Syngenta is an agribusiness, focusing on seeds and crop protection. I’d like to do more with the international side of the business. In November, I took a trip down to Brazil to one of the company’s sites in the Brazilian countryside. There were cornfields for miles, and I kept saying, “I feel like I’m back home. I like it.”

Speak techie and speak business, as it’s not just being technical but also being able to blend your skills. A lot of the work I do is being a translator between the extreme tech folks and the business folks. The Scott Scholarship helped me get personal skills where you can sit down and relate to people, both the technical and non-technical.

Scott Scholar Mentoring Program: Would you like to have a direct impact on the current Scott Scholars?

For several years now, many of us Scott Scholars have tossed around the idea of starting a mentoring program to connect Scott Scholar alumni with current Scott Scholars. Later this year, we hope this dream will actually become a reality. Last year, Eric Gitt and Kevin Walters of the Scott Scholar Alumni Organization and former scholar Sheila Karpf met with Leah Ellis from PKI’s Scholarship and Development Program to discuss this opportunity. Everyone agreed mentoring would be a valuable addition to the Scott Scholar program. Not only would it provide a way for alumni to give back, but also an opportunity for students to get advice from IT and engineering professionals who also walked in their shoes as Scott Scholars.

The idea is for the mentoring program to start in Aug. 2015, with incoming freshmen being paired with alumni in their field of interest. Ideally, mentors would be located in the Omaha area, but a few of you living on the east and west coasts have already expressed interest (8 alumni total, with 2 outside Omaha) so we are opening it up to everyone to solicit interest. With around 35 incoming students, ideally each student is paired with one alumnus. We’re planning a kickoff get-to-know one another event at the beginning of classes in Aug., in addition to at least 1 social or other professional development event (such as a UNO hockey game) each semester. For mentors living outside Omaha, you’d just be expected to check in with your student on the phone/Skype a few times each semester, discussing things such as changing majors, internship opportunities, etc. If you come back to Omaha to visit family or friends, we’d love for you to connect with your student at that time.

Please email Sheila (Korth) Karpf by March 15 if you’re interested in being a mentor. Please send the following information:  (1) your name, (2) city/state of residence, (3) email address, (4) phone number, and (5) current job position or area of expertise so we can match your interests with incoming scholars. Please ask your friends to sign up as well. Thanks in advance for your help!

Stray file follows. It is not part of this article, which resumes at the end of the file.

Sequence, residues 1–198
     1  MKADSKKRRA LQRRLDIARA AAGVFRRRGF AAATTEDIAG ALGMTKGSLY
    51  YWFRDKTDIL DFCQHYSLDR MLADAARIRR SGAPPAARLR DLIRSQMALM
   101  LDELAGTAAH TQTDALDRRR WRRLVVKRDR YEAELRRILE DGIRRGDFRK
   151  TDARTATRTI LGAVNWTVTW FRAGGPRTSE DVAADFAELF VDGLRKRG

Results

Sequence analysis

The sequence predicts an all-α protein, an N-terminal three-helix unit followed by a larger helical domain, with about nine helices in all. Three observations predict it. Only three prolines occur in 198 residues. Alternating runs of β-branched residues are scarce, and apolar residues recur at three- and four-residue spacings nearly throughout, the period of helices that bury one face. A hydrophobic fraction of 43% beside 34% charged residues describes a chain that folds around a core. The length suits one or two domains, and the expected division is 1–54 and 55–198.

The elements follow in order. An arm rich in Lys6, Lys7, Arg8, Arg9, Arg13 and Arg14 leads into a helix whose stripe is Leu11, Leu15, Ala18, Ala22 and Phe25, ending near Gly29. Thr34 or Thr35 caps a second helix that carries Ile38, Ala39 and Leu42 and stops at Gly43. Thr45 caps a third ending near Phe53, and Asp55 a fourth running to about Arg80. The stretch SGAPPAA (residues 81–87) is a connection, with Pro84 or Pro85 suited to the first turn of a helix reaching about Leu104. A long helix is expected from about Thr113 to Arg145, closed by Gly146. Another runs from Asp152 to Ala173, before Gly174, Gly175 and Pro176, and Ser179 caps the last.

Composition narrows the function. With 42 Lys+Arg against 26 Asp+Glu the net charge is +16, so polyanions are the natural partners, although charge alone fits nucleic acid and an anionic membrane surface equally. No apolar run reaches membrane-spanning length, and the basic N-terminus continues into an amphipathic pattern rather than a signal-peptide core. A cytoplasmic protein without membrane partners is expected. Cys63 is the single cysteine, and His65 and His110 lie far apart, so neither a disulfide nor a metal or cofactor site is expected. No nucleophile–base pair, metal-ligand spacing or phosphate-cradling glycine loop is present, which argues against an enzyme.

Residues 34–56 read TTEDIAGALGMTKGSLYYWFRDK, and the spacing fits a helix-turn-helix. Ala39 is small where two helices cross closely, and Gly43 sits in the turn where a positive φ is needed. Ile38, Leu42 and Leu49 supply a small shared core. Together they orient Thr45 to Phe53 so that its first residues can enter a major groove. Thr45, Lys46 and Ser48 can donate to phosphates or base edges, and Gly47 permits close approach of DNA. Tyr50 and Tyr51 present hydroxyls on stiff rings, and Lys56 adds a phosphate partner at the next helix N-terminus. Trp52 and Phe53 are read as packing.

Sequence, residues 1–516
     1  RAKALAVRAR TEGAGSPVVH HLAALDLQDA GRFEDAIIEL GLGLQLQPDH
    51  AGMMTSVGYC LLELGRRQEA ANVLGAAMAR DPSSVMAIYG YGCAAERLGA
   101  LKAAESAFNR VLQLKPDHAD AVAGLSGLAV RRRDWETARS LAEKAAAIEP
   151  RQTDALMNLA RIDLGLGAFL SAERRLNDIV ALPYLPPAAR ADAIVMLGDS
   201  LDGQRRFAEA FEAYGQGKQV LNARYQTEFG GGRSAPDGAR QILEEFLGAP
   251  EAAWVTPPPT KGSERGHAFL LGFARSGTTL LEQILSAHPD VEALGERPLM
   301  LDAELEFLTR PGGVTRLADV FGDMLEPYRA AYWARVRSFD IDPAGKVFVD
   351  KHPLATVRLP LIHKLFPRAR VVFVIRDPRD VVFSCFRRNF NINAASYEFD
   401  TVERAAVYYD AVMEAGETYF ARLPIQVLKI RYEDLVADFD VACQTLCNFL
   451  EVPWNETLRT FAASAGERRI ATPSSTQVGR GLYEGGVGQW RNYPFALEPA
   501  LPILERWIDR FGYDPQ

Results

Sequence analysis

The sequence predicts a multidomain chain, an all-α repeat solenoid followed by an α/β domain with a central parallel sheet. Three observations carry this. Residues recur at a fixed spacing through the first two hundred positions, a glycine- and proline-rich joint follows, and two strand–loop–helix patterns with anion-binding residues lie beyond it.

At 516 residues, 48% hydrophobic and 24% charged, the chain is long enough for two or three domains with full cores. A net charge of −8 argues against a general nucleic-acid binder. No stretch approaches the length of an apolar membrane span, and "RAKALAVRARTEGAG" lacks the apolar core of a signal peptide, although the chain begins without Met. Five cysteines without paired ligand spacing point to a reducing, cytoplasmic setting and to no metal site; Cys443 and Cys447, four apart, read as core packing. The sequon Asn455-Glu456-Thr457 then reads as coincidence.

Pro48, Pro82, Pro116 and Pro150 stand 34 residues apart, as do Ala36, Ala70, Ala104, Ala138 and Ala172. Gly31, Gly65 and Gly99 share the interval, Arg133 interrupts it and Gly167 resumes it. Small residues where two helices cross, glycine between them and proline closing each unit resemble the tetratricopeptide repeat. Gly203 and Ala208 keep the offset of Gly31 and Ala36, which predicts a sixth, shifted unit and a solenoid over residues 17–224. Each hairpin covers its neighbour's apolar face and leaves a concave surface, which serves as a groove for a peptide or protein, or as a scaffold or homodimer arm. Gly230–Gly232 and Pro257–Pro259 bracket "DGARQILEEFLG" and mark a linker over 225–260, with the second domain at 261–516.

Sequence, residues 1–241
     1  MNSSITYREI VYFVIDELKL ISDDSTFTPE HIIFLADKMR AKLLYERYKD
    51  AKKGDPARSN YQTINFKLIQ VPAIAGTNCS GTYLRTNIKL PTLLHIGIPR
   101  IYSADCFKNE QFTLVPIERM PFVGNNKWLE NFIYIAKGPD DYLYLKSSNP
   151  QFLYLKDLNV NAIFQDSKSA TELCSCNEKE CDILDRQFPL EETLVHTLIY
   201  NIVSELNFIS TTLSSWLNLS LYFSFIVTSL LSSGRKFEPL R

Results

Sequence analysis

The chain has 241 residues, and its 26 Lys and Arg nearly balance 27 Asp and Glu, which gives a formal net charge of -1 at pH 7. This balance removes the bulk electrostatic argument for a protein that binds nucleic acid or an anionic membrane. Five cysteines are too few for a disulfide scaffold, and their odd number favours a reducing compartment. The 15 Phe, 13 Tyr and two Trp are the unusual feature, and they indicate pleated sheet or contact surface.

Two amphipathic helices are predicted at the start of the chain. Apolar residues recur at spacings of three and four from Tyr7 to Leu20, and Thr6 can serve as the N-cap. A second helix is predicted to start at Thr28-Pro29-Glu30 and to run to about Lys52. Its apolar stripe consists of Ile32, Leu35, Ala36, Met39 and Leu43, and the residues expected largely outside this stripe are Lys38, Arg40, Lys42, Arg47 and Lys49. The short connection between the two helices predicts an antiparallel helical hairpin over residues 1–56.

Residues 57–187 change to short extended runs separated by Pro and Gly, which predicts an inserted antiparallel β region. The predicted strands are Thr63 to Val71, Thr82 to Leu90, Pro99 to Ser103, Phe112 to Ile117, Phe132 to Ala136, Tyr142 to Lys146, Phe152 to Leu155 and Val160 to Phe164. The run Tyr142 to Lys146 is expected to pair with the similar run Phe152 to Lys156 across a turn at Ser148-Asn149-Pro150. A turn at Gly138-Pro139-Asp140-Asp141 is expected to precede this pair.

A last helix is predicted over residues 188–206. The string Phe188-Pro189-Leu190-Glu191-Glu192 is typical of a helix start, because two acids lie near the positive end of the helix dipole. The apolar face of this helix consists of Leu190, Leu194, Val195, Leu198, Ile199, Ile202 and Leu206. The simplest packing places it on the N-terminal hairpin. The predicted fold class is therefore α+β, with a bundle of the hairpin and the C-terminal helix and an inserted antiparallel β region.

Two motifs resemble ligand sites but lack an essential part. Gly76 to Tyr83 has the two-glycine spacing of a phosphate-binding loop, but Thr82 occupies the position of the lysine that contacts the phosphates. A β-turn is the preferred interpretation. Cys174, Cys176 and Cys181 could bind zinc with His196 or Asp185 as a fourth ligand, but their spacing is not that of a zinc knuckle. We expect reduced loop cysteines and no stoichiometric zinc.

Quick Bytes

  • The Distinguished Lecture Series is scheduled for April 2nd at PKI. This year’s speaker is Ms. Priscilla Guthrie, the former chief information officer of the Office of the Director for National Intelligence.
  • Caleb Schmid and Laura Heuermann (Bioinformatics Scott Scholar Alumni 2010) both started residency programs in Summer 2014
  • Martin Goodenberger has specialized his medical education in Radiology and is about to finish his residency program
  • Travis Deyle keeps things secret at Google[x] but prior to joining there co-founded

Have anything you’d like to contribute – thoughts, ideas, comments, content? Contact Kyle Hoback.

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PKI Distinguished Lecture Series 2015 Announced

The PKI Distinguished Lecture Series continues this semester with Ms. Priscilla Guthrie, the former chief information officer of the Office of the Director for National Intelligence. The event will be held on April 2nd, 2015 at PKI.

The Peter Kiewit Institute (PKI) introduced its inaugural Distinguished Lecture Series during the 2009/2010 academic year. The lecture series is designed to expose student-scholars to prominent leaders from government, industry, academia and athletics. While serving as a key component of the PKI Leadership Development Program, primary invitees are Scott Scholars and select staff from the Peter Kiewit Institute. This year, PKI has also graciously invited Scott Scholar Alumni to attend.

Prior to her work at the Office of the Director for National Intelligence, Ms. Guthrie also worked as the director of the information technology and systems division of the Institute for Defense Analyses, a non-profit corporation that administers three federally funded research and development centers to provide objective analyses of national security issues. From 2001 to 2006, Guthrie was the Defense Department’s deputy assistant secretary for networks and information integration and deputy chief information officer.

Ms. Guthrie will share her experiences of personal growth while passing along life’s lessons. This is also a great opportunity for our alumni to visit with the current PKI staff and Scott Scholar students.